Rams and NFL settle St. Louis lawsuit for $ 790 million franchise relocation to Los Angeles

November 26, 2021


S T. LOUIS – NFL and Rams owner Stan Kroenke will pay $ 790 million to settle a lawsuit brought by St. Louis interests over the team’s relocation to Los Angeles, a joint statement from the LA said Wednesday. city ​​and county of St. Louis.

The deal does not include a promise by the NFL to give St. Louis an expansion franchise in the future, a source familiar with the deal told ESPN, confirming a report from the St. Louis Post-Dispatch. That idea was not seriously discussed, the source told ESPN.

It was not immediately clear how much Kroenke would pay and how much the owners of the league’s 31 other teams would cover.

“This landmark agreement closes a long chapter for our region, securing hundreds of millions of dollars for our communities while avoiding the uncertainty of the trial and appeal process,” read a statement from St. Louis Mayor Tishaura Jones and of the St. Louis County Executive. Sam Page.

St. Louis-area officials have not yet determined how the settlement funds will be used, according to the statement.

An NFL spokesman, in a brief statement, said the league and St. Louis interests “have been able to fully resolve the dispute.”

The settlement, reached in mediation, ends a 4 1/2 year lawsuit filed in the wake of the Rams’ departure. Kroenke and the NFL had both failed in their offers to have the lawsuit dismissed or at least move out of St. Louis, and the courts were sympathetic to the effort by the St. Louis side to release financial information on the team owners. failures that accelerated the momentum for a settlement.

The case was scheduled to go to trial on January 10. The lawsuit requested more than $ 1 billion. He claimed that the team’s move cost the St. Louis region millions of dollars in revenue from entertainment, ticket and winnings taxes.

Then-owner Georgia Frontiere moved the Los Angeles Rams in 1995 to her hometown of St. Louis, where they stayed for 21 seasons before Kroenke transferred them back.

Kroenke, a Missouri real estate developer who is married to an heir to the Walmart fortune, became a minority owner when the team first arrived in St. Louis. Frontiere died in 2008 and left the team to his sons, who sold the Rams to Kroenke in 2010.

It wasn’t long after the Rams began pushing for hundreds of millions of dollars in upgrades to the downtown vaulted stadium built with taxpayer money in the early 1990s to attract an NFL team.

St. Louis interests initially proposed a more modest upgrade, then eventually proposed a new $ 1 billion stadium along the Mississippi River that would be jointly funded by taxpayers, the team, and the NFL. The league and the team objected.

Instead, Kroenke bought land in Inglewood, California. SoFi Stadium opened in September 2020 and is now home to the Rams and Los Angeles Chargers, who moved from San Diego in 2017.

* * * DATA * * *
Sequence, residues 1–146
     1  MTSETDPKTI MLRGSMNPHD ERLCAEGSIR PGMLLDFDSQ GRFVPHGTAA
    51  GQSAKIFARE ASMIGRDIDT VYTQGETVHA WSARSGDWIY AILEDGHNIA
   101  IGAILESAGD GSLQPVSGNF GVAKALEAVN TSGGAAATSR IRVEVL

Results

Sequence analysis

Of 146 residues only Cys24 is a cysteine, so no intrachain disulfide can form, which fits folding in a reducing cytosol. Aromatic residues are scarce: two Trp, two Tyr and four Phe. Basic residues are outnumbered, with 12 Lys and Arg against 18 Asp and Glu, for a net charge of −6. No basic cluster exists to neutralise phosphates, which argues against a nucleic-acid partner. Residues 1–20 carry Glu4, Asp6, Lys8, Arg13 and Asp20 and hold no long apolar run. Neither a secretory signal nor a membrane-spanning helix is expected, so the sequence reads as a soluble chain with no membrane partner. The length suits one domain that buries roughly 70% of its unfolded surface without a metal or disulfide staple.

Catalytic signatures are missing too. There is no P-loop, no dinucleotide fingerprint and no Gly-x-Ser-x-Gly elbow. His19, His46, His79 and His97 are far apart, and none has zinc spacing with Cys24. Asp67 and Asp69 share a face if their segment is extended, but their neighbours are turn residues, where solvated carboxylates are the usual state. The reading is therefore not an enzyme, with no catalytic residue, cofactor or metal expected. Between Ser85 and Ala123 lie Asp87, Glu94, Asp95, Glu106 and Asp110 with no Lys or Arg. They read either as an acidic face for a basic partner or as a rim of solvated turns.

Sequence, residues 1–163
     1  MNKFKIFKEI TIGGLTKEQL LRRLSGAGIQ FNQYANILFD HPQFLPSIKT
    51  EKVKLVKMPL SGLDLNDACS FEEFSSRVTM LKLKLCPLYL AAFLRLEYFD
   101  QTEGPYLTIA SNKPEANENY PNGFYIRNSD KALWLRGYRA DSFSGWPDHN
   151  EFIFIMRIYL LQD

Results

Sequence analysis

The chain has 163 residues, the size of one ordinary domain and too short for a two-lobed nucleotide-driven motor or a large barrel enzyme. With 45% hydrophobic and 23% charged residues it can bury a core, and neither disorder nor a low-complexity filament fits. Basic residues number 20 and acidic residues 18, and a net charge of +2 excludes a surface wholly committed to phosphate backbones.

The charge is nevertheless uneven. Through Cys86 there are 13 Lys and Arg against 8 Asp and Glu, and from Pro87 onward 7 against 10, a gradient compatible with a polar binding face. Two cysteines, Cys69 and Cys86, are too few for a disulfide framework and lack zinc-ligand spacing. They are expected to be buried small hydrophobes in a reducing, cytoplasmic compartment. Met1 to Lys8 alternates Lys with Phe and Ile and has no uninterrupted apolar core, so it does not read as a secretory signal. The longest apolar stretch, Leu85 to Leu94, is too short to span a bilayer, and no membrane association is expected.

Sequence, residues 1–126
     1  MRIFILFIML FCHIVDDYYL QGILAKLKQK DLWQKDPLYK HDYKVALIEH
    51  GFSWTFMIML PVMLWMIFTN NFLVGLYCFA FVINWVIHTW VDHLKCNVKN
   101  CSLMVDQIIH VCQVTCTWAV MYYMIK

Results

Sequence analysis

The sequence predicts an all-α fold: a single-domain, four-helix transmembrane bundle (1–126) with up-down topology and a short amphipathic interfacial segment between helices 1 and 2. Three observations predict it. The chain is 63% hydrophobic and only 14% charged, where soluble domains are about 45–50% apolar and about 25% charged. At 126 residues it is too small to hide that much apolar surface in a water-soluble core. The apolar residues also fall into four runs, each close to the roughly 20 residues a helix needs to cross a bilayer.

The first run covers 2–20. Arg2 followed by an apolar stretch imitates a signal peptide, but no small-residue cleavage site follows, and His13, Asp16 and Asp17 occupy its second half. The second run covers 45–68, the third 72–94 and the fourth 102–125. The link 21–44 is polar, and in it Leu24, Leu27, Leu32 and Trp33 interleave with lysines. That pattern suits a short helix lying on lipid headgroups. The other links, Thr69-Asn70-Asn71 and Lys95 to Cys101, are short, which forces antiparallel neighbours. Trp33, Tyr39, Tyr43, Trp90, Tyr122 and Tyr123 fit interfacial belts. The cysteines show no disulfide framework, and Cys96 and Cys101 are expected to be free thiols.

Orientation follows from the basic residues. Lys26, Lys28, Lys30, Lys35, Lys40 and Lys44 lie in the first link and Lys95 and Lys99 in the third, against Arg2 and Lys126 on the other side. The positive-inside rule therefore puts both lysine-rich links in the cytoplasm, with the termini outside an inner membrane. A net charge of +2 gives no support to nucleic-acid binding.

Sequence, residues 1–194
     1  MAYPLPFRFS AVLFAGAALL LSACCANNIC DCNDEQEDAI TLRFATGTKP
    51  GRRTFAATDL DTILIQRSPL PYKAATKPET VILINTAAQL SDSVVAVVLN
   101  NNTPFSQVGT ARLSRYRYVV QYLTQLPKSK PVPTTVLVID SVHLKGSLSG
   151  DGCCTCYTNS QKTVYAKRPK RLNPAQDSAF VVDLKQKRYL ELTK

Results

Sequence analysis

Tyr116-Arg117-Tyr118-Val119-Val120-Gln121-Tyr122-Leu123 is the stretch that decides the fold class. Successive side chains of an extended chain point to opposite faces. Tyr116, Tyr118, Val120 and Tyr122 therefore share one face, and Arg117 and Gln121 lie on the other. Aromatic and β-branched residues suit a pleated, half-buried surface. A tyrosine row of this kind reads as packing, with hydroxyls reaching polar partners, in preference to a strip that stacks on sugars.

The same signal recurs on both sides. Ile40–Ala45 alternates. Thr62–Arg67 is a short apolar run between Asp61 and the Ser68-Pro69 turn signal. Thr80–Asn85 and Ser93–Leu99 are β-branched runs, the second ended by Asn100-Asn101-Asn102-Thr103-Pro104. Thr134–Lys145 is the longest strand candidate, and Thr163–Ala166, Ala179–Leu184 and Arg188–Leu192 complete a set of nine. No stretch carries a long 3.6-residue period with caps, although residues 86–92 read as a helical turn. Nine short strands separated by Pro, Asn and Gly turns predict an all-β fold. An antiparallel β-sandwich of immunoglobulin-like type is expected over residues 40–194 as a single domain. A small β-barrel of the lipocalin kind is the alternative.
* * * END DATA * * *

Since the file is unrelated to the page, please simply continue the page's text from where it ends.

Beyond losing an NFL team, St. Louis residents were outraged by Kroenke’s 29-page request to relocate ahead of the January 2016 homeowners meeting where the measure was approved. The document criticized St. Louis for population decline, questioned the region’s economic future and questioned whether it could support the Baseball Cardinals and the hockey Blues, as well as an NFL franchise.

The 2017 lawsuit filed on behalf of St. Louis, St. Louis County, and the St. Louis Regional Sports Complex and Convention Authority said Kroenke, other team and league officials knew as early as 2013 that the Rams were planning relocate, but they lied by denying that. The lawsuit says the league ignored its own relocation guidelines by allowing the move.

The NFL, Rams and Kroenke said the guidelines are not strict and that the league had the right to pass a measure that clearly benefited the NFL and the owners of its 32 teams. The deal comes after a series of losses on the court for Kroenke and the NFL, America’s most popular and lucrative sports league.

St. Louis Circuit Judge Christopher McGraugh ruled in July that there was sufficient evidence that Kroenke and others were involved in fraud, so he ordered NFL owners to release financial records. The purpose was to allow a jury to consider punitive damages if Kroenke and the NFL lost the lawsuit.

Attorneys for NFL officials called the request for records “invasive,” but the Missouri Supreme Court upheld the lower court order in September.

The NFL and Kroenke had also tried to move the trial out of St. Louis, citing “undue influence” over potential jurors. But McGraugh denied the request in August, a decision that was later upheld by a Missouri appeals court.

Kroenke and the NFL also unsuccessfully sought to have the case heard in arbitration rather than in court.

ESPN’s Seth Wickersham and The Associated Press contributed to this report.


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